Schubert Soothes Savages, Becalms Beasts and Subdues Students (Throwing Food) – the Evidence is Here

As another in an occasional series that just relates pieces of music that had a great effect on me  I offer Schubert’s Impromptu Op 90 No4. I was a student at Oxford when I first heard this. It was at a formal college Christmas dinner of the Middle Common Room (the graduate students). It may surprise some people to learn that these were often quite rowdy affairs. Even though we were in the college dining hall (this was St Edmund Hall) and wearing black tie and tux, drink flowed freely (the drinking age in England is 18) and by then end food was being thrown across the hall. So if you have a picture of the typical Oxford University student as one who is highly sophisticated and cultured, think again. Instead, try to think of the BBC production of Jeeves and Wooster with Hugh Laurie playing Bertie Wooster, and a scene at the Drones Club. Usually, totally incidental to the conversation going on the front and centre, we see grown men, tux wearing toffs, throwing bread rolls being thrown left and right. This was the norm at college dinners that I went to, especially Christmas dinners. Despite all efforts of the dean to discipline students or to appeal to us to grow up it happened each year. In the end they gave up trying to stop us and made special wooden covers to go over all the portraits of past principles and notable Old Aularians. Into this atmosphere, once the dinner was over, the graduate students had decided to put on some musical entertainment (this was very unusual and, I thought when I heard the announcement, highly pretentious). First up was a lady singing a Victorian drawing room song (something like Come Into the Garden Maude). I couldn’t believe that anyone would think that this was worthy entertainment and spent most of the time with my head buried in the crook of my arm stifling childish giggles. Then it was announced that a pianist would play a piece by Schubert.  I rolled my eyes to the ceiling again and prepared to launch some soft fruit. This however stopped me in my tracks and just as was to happen with Palestrina and Mozart’s Laudate Dominum years later I felt goosepumps on the back of my neck and just wanted to the performance to go on and on. I was embarrassed by my reaction and tried to hide my face – I didn’t want people to know I was enjoying it. Afterwards the whole mood of the dinner changed and the audience became far more peaceful I noticed. It seems I wasn’t the only one affected. Afterwards I began to investigate classical music starting with Schubert and then moving into Beethoven. The pattern of these beautiful pieces is the same as before. Their beauty draws me in and leaves me wanting more, something beyond it. Initially it means trying to chase the experience by finding more pieces of music but in time (several years later)  I realised that this was beginning to stimulate a search for absolute Beauty that will only be satiated by God.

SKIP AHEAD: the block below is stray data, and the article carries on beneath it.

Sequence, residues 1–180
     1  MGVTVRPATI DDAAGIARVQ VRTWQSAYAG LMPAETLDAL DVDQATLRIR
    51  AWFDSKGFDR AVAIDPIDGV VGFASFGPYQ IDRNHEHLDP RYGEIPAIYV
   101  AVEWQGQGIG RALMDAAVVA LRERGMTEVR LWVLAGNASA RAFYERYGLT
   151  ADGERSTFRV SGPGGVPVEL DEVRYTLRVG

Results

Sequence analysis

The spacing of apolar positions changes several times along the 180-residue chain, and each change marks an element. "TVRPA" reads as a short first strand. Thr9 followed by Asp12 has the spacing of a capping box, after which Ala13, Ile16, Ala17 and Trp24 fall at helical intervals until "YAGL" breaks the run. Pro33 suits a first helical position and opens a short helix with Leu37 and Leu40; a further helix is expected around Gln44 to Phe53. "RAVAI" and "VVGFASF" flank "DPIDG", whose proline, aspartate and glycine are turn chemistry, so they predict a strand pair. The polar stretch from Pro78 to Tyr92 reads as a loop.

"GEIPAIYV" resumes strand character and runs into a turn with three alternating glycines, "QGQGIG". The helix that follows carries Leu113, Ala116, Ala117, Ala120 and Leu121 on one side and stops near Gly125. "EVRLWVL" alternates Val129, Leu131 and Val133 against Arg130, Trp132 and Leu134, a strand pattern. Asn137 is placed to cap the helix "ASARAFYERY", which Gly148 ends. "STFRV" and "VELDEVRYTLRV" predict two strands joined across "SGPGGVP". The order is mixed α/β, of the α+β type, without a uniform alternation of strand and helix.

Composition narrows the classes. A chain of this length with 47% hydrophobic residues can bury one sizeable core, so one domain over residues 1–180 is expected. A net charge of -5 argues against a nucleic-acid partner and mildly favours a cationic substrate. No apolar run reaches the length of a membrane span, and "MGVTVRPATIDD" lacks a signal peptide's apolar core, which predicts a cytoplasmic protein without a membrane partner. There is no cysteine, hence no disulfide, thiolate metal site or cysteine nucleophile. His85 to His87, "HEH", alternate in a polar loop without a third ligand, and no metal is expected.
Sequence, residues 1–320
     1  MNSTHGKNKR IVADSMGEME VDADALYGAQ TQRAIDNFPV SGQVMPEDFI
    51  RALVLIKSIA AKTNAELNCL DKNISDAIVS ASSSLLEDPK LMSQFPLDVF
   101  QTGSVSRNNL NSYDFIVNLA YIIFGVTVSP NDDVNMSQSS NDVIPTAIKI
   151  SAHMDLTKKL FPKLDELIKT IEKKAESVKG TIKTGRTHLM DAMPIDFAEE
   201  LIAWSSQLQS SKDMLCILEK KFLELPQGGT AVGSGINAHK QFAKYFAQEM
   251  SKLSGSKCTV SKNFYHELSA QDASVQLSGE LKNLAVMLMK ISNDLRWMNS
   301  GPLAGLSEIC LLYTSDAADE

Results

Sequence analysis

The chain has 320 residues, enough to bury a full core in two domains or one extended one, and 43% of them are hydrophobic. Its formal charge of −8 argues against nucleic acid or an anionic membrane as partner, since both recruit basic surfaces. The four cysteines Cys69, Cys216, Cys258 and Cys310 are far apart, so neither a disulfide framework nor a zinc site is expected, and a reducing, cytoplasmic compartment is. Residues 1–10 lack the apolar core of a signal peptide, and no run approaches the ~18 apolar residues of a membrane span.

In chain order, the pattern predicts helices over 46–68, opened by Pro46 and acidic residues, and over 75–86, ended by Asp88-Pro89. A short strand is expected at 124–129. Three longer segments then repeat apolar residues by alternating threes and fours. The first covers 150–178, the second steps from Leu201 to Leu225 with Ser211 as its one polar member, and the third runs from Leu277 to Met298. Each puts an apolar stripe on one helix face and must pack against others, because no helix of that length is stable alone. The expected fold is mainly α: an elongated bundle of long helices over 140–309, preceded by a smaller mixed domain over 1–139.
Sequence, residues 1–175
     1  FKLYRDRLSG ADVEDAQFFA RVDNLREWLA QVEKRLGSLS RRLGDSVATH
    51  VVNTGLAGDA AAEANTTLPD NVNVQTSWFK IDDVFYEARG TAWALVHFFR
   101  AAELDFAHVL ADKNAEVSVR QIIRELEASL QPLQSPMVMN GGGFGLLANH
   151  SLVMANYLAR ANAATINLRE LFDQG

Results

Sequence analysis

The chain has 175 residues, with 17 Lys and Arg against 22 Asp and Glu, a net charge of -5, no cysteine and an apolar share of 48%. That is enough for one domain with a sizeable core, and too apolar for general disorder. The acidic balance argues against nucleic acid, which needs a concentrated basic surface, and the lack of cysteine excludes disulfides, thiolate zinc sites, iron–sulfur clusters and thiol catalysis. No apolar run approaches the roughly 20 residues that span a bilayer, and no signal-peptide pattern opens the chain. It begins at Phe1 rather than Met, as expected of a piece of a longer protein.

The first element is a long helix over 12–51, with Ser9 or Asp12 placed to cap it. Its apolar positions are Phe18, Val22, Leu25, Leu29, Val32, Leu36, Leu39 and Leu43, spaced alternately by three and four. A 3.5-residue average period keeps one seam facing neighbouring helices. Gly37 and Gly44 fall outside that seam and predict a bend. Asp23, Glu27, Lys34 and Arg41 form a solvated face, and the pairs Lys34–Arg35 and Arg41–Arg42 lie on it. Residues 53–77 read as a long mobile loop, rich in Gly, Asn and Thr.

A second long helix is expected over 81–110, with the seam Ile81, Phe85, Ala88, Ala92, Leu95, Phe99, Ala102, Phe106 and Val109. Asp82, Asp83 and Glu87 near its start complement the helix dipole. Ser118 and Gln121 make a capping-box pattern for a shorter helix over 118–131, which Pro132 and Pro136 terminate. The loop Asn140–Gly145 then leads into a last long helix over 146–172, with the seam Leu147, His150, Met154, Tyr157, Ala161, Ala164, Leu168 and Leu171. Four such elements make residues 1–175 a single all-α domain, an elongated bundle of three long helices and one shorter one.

This is a truly beautiful rendition of Schubert there is no denying it and I would love to hear him play it in person.

It should be said also, that Mr Zimerman, while being able to play the piano with sublime beauty, also has a serious case of classical music face pulling. For your entertainment here is Rowan Atkinson satirising…

David Clayton

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David is an Englishman living in New Hampshire, USA. He is an artist, teacher, published writer and broadcaster who holds a permanent post as Artist-in-Residence and Lecturer in Liberal Arts at the Thomas More College of Liberal Arts. The Way of Beauty program, which is offered at TMC, focuses on the link between Catholic culture, with a special emphasis on art, and the liturgy. David was received into the Church in London in 1993. Visit the Way of Beauty blog at thewayofbeauty.org.

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